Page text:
As a father with a six-year-old daughter, I often bring her to various local playgrounds for weekend fun time. One special playground deserves attention; not only did she have a great time, but it also influenced me deeply as a designer. The Helen and Peter Bing Children’s Garden at The Huntington Library, Art Collections, and… Read more »
As a father with a six-year-old daughter, I often bring her to various local playgrounds for weekend fun time. One special playground deserves attention; not only did she have a great time, but it also influenced me deeply as a designer. The Helen and Peter Bing Children’s Garden at The Huntington Library, Art Collections, and Botanical Gardens, in Pasadena, California, is designed for children to play and learn about nature at the same time.
Even though I had visited The Huntington a few times during my school years, I didn’t have much knowledge about this space. For the first visit with my girl, two years ago, it was not easy to locate, hidden as it was behind the Brody Botanical Center. When we finally found the iconic entry’s green façade and little blue gate, we were delighted.
All of the facilities and components of the garden are designed at a child’s scale. I can still remember the joy and excitement on my daughter’s face when she was exploring the garden. The most memorable parts for her were the cozy outdoor teahouse and the pebble chimes sculpture. She wished to have a tea party with all her friends in that teahouse, and a longer time to play with the pebble chimes, however there was a long line of kids who also wanted to try it. The small teahouse is constructed of metal and covered with vines; the scale attracted many little girls to play inside. The pebble chime is a concrete and metal sculpture, and children can make unique sounds by putting pebbles and sand into the top of the sculpture. I pretty much felt like a giant in the garden, since I had to bend down while walking through the majority. It may sound inconvenient for an adult, but I also enjoyed the garden tremendously, especially since it forced me to lower myself not only physically, but also mentally. I could experience the spaces from the same level as my girl, and once again enjoy the place as a child.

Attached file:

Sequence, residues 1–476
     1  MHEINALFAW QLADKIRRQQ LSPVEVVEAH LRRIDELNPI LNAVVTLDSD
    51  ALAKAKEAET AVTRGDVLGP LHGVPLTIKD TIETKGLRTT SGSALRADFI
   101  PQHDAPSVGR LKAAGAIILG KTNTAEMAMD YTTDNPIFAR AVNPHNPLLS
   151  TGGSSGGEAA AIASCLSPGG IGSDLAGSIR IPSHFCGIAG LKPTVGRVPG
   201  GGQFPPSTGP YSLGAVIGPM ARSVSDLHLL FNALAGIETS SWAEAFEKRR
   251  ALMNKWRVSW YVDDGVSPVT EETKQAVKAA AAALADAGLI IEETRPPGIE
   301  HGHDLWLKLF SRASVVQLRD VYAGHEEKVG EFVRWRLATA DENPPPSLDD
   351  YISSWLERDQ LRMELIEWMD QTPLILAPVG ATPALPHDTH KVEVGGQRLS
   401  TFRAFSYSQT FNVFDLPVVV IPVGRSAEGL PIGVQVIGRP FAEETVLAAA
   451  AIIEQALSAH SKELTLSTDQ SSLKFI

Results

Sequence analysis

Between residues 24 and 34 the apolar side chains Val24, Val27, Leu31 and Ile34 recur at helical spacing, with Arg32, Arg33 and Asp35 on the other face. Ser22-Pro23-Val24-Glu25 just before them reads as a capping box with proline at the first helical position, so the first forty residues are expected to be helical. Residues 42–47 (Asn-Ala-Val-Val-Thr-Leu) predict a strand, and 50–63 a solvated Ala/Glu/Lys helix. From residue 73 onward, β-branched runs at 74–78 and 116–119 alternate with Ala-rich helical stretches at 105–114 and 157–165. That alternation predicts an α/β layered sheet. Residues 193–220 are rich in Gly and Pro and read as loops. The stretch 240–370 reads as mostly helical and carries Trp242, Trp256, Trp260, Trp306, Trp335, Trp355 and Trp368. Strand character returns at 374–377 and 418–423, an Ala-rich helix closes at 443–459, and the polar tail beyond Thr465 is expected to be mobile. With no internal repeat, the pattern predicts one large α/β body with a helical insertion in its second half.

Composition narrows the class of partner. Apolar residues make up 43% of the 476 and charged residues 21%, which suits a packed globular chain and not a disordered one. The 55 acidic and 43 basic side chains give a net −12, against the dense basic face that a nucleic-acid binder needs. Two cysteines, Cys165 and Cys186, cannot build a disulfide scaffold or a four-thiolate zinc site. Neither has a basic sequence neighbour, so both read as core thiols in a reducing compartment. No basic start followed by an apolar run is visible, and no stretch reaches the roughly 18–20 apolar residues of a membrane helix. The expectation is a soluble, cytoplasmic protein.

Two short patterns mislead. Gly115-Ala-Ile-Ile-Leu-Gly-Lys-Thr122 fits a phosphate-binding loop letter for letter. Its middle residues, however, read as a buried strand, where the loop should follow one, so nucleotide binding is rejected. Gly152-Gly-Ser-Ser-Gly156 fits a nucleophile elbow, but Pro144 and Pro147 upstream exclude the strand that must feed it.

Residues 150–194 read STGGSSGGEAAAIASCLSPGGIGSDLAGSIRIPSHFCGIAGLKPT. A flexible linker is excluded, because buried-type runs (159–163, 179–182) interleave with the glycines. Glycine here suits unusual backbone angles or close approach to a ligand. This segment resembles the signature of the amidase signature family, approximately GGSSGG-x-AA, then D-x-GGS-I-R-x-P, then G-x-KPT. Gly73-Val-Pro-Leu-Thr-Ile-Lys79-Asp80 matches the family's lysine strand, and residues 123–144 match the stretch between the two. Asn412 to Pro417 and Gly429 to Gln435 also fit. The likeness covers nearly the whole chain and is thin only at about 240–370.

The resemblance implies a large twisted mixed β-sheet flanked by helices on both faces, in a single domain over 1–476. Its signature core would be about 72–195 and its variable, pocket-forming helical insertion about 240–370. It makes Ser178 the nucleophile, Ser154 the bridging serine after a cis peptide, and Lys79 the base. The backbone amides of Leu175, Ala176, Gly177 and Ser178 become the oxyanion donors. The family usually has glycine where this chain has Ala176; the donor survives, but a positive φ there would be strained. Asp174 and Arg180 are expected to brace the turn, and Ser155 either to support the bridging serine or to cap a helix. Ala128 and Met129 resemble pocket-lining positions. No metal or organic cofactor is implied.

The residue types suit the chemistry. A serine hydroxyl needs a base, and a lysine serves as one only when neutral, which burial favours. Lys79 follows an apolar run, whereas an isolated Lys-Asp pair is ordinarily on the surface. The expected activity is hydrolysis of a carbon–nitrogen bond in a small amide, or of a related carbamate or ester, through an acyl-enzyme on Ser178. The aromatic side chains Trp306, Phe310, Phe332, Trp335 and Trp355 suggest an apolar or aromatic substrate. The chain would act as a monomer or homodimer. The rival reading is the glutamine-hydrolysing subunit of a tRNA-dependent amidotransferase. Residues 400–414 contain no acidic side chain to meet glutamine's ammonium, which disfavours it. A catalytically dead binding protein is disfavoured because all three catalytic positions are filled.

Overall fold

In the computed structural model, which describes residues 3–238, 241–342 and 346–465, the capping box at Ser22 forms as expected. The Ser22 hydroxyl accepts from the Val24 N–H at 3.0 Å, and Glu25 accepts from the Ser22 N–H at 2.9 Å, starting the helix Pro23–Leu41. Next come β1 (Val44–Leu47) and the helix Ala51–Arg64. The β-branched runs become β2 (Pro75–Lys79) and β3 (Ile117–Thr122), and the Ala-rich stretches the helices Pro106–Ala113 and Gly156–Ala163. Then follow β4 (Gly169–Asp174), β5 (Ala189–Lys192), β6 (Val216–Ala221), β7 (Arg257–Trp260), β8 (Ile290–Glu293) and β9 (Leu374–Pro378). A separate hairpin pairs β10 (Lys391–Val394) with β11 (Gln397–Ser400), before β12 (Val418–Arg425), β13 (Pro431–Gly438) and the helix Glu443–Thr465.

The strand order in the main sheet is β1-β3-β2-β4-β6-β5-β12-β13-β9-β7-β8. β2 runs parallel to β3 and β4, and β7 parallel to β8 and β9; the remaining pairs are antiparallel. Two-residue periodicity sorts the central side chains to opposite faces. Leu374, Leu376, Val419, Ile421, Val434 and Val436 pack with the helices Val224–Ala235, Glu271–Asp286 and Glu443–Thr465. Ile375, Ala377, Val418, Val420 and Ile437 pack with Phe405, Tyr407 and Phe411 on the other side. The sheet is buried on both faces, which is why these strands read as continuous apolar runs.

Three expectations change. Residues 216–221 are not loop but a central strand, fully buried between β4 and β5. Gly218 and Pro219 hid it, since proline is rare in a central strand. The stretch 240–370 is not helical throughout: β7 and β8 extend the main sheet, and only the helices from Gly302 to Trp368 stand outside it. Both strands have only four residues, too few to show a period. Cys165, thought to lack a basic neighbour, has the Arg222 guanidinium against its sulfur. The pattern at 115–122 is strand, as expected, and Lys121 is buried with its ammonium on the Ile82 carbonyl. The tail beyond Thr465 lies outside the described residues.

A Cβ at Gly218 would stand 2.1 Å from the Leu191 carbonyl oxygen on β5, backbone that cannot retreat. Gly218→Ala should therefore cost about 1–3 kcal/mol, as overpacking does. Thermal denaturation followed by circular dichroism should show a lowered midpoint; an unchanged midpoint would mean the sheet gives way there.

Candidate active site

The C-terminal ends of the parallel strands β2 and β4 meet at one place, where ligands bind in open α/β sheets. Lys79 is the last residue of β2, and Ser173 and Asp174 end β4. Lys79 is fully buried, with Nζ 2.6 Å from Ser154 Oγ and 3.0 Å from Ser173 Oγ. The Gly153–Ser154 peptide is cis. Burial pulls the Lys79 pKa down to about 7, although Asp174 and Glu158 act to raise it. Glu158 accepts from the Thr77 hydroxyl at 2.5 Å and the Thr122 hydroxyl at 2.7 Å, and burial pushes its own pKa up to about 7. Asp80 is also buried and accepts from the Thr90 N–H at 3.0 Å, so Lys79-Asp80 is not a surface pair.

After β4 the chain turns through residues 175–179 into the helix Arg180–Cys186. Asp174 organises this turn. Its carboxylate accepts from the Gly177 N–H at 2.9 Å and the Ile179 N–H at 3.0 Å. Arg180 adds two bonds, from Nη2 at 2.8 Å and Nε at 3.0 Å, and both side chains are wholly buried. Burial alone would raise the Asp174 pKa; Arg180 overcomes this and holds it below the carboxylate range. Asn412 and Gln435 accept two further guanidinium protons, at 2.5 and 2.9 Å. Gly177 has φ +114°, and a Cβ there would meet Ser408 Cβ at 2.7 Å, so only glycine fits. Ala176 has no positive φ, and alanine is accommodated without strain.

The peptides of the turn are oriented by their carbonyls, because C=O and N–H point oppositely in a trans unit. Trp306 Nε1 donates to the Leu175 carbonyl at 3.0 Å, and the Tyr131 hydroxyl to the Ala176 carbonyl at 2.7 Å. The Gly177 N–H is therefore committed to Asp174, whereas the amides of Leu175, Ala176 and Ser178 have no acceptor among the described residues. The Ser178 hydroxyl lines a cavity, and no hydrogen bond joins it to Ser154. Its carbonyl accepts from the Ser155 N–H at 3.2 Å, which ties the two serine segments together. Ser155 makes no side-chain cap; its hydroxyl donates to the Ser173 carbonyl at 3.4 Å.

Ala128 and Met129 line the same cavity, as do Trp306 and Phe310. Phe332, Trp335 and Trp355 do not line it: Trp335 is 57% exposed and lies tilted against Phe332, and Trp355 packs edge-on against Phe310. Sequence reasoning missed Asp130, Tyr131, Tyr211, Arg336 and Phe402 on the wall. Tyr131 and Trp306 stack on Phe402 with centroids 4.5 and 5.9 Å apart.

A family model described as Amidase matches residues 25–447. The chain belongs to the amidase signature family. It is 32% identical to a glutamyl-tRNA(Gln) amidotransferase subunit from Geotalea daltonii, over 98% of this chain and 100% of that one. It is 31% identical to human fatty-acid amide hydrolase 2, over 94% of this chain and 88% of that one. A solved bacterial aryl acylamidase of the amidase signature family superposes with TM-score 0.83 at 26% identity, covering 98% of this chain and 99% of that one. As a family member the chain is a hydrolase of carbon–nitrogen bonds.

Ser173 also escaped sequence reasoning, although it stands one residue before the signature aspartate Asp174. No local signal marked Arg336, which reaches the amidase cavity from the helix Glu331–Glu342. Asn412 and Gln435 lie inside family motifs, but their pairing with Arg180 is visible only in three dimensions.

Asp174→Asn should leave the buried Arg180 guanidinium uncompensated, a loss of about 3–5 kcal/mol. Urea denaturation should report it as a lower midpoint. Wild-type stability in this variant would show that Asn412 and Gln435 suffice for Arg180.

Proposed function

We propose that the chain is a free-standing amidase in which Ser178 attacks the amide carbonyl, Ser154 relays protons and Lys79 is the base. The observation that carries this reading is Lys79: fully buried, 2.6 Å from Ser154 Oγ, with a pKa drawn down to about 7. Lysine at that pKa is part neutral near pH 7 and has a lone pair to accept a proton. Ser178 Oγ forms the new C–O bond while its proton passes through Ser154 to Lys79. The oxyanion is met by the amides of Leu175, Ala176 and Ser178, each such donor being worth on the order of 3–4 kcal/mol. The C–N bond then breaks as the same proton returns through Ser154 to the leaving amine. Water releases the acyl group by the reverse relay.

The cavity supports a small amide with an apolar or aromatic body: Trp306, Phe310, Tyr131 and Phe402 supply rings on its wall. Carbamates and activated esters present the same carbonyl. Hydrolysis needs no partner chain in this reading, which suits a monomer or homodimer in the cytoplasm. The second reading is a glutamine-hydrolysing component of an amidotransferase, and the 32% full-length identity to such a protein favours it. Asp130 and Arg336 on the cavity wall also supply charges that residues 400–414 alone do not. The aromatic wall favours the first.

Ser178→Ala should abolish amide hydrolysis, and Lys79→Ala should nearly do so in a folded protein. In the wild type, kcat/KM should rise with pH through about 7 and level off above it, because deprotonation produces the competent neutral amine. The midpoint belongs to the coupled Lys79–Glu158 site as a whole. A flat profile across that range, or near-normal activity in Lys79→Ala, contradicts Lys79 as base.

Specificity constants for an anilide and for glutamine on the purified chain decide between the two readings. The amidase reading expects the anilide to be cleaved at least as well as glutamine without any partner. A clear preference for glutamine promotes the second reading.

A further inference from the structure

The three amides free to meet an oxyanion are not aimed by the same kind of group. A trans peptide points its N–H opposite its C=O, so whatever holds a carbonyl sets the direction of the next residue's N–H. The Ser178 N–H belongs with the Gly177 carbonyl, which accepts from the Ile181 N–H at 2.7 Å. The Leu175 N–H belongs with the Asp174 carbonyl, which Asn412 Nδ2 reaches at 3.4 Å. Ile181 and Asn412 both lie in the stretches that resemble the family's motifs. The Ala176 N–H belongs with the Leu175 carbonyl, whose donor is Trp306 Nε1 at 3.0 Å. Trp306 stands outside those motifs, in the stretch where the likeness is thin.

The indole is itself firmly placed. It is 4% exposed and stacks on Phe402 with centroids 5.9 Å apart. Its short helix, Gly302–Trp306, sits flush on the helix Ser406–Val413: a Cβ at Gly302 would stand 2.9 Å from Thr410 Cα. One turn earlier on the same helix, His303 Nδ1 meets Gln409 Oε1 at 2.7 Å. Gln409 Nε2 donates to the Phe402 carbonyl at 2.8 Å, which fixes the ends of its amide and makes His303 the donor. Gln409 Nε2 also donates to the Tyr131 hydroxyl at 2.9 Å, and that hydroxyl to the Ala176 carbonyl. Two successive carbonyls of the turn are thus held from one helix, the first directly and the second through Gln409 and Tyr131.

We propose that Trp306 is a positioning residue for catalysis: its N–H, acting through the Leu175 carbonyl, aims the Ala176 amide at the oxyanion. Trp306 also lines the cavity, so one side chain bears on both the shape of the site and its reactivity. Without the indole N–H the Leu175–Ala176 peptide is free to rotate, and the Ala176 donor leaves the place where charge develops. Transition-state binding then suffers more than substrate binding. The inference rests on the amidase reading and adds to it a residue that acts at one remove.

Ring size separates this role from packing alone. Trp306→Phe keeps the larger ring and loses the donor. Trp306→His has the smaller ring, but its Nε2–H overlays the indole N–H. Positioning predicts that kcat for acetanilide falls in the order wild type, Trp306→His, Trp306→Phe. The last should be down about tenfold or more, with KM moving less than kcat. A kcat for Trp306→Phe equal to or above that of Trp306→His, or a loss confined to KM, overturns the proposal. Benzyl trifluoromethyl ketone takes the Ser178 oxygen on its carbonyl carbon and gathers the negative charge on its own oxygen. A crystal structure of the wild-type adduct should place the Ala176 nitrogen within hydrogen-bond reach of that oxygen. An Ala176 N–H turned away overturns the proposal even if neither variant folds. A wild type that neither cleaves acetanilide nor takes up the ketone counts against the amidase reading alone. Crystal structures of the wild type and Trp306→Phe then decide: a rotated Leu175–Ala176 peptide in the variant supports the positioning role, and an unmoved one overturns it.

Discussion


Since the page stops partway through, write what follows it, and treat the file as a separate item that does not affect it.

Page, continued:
The 19,600-square-foot garden was designed by the director of the botanical gardens, Jim Folsom, kinetic artist Ned Kahn, and landscape architect Todd Bennitt, with the goal of inviting children to learn about the wonder of nature through different design components based on themes of earth, water, fire, and air. Each theme has unique nature-orientated sculptures or ornaments to let children not only to play and explore without the standard playground equipment, but also to have a closer connection with nature.
Last December I was preparing a design package for the Lianjiang Park in Hunan, China, where there will be a 29,000-square-foot playground in the park. While I was working on the project I thought about the Children’s Garden in Pasadena, and hoped that I could introduce more nature-oriented components rather than typical prefabricated play equipment. But the main challenge to creating a unique garden similar to the one I’ve described requires a great amount of time to research, plan, design, and, finally, construct. Even though I didn’t have the opportunity to revise the playground program for my project, the philosophy of the Children’s Garden will always be a part of my design approach, which can be a tool to change people’s views, and also a gateway to bringing them closer to nature.
Joseph Hsu is a designer in the Laguna Beach studio.